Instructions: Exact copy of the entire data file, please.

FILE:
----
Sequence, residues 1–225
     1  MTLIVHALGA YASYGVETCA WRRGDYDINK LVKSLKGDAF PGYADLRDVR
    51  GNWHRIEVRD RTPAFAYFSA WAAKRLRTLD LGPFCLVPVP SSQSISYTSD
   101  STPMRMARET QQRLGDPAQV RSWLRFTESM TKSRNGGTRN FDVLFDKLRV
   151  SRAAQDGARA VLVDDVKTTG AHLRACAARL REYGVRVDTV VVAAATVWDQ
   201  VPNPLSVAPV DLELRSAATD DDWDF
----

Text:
Sequence, residues 1–225
     1  MTLIVHALGA YASYGVETCA WRRGDYDINK LVKSLKGDAF PGYADLRDVR
    51  GNWHRIEVRD RTPAFAYFSA WAAKRLRTLD LGPFCLVPVP SSQSISYTSD
   101  STPMRMARET QQRLGDPAQV RSWLRFTESM TKSRNGGTRN FDVLFDKLRV
   151  SRAAQDGARA VLVDDVKTTG AHLRACAARL REYGVRVDTV VVAAATVWDQ
   201  VPNPLSVAPV DLELRSAATD DDWDF